There were other people playing, of course, like some girls playing pretend princess or the more tomboyish ones who played shrine maiden or magician. However, Rikako didn't play with them as much, she hardly liked playing princess, and playing magician was a bit annoying in the sense that she hardly wanted to be that. She always found herself playing with the local boys, who'd play superhero, or scientist, or sometimes just run around in the green fields and muddy roads. The boys always called her "Miss Asakura" and she always beamed at that designation, it seemed so polite, and she wasn't used to it. Rikako was a bit embarrassed to remember that she never asked them what their names were, but that was ok. They would ask her to help them get their belongings off of trees, or to explore caves with them, and when she had time she obliged them, making an extravagant show of everything of course. This included such feats as using her magical jetpack, or two tubes she strapped onto her back and shoved magical energy through, to do a couple of acrobatics before retrieving a kite or ball. The kids loved it and would call her a superhero, but she just told them she was a scientist. The reaction when they repeated this to their parents was less than happy, but the kids always came back to go on adventures with her. Rikako was happy with those boys hanging around, and so she always returned to the little stream where they all cleaned their clothes and other tools to play with them. Today though, she was just relaxing as the sun set, much too tired to play. Rikako vaguely planned out that after cleaning her things she'd go and burn her trash, and maybe if she wasn't dog tired she'd rewrite her conclusion for her little experiment.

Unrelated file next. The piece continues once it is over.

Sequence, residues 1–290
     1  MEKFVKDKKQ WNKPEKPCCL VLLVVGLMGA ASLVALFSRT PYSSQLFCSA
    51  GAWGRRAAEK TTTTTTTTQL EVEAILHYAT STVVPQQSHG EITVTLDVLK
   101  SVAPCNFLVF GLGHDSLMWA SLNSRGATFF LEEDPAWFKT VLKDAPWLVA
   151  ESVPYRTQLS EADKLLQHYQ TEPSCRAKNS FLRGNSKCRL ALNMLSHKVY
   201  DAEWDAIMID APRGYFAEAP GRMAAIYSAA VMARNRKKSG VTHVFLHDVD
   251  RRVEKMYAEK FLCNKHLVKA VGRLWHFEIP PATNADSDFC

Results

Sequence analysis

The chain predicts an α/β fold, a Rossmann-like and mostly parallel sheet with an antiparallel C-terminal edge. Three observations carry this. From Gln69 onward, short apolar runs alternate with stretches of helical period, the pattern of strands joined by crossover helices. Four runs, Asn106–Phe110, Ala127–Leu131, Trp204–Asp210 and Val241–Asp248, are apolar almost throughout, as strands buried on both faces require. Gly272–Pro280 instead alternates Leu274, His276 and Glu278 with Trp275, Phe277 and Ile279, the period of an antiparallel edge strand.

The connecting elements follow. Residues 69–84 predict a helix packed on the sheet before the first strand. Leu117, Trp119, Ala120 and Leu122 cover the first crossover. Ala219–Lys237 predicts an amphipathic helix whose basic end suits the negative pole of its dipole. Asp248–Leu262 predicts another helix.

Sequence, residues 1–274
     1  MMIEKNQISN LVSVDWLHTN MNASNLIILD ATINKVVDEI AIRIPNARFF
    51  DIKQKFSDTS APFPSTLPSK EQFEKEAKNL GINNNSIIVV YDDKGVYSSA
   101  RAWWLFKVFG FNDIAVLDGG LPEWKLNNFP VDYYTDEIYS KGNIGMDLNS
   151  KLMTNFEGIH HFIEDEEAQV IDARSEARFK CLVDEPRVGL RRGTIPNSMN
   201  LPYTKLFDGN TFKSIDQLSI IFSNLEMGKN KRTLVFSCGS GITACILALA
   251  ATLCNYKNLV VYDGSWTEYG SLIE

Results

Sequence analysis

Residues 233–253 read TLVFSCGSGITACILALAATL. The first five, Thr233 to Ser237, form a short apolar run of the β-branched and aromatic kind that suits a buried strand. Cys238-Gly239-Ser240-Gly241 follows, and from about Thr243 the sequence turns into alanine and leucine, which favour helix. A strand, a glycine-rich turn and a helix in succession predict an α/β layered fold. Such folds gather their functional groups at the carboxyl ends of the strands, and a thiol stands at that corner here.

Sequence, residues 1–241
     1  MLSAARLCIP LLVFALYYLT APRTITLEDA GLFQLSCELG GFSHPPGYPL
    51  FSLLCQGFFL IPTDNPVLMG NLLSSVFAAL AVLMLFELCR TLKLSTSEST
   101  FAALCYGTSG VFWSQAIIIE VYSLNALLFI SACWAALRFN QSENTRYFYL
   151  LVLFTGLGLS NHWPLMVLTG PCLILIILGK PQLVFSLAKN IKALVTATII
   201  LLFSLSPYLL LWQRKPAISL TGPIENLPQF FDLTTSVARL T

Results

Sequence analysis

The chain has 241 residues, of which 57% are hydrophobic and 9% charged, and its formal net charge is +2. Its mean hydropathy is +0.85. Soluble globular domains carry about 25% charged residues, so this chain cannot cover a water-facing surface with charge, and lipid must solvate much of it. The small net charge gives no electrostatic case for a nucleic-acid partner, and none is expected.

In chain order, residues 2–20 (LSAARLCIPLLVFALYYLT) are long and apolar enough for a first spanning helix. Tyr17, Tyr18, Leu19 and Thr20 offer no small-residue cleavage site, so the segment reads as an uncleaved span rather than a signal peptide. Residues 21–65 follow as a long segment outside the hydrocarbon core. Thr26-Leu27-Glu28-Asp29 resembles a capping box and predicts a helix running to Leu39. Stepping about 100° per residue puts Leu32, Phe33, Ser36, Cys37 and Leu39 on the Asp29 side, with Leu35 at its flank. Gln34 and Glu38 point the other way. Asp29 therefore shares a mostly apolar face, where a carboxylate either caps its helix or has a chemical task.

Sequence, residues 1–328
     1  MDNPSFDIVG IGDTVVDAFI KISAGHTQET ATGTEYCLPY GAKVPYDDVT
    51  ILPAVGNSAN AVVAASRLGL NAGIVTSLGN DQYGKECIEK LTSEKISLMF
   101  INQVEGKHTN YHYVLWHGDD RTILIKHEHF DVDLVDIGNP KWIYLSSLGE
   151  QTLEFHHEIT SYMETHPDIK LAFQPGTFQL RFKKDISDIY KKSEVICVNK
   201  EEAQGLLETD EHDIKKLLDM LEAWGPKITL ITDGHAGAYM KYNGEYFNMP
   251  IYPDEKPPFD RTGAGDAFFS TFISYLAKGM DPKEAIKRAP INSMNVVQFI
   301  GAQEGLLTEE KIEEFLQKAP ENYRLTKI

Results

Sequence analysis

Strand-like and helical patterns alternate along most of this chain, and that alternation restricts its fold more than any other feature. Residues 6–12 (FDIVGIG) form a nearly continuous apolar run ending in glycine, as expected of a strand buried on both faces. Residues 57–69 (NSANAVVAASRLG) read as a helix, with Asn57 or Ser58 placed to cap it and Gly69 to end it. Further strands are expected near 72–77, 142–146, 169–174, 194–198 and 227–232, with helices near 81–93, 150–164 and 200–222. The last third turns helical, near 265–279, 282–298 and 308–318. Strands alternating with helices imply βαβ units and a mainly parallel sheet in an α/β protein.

After about an hour of waiting, Rikako got impatient and took up her utensils and coat and returned to her home. It was a combination of excitement of writing her results and the incessant bugs that always appeared come dusk that really broke the deal for her, as her coat wasn't exactly clean yet. She went up to her roof and let the coat hang from some flaps before going inside, she'd clean the coat eventually...probably. Grabbing her lamp, she lit the contraption up and walked outside. The sun was now almost gone, and her sight was starting to be clouded in hazy darkness. Her sight wouldn't really be necessary though, as she could smell the stench that was her trash. The inevitable burning would smell terrible but hey, those were the limitations of the time. Everyone had to either burn their trash or they had to make a giant heap for it, and they'd much rather do the former than the latter. Pinching her nose she approached today's pile, Rikako quickly burnt the heap with her lamp's fire before running back into her house to avoid the stench. Perhaps if someone created a way to reuse some of the trash or at least some of the leftover food and the peels into a really healthy mulch the place would smell better, but as it were there weren't enough peels to really make that a viable use of trash. 'Being poor sucks,' Rikako concluded before retrieving her new parchment and quill.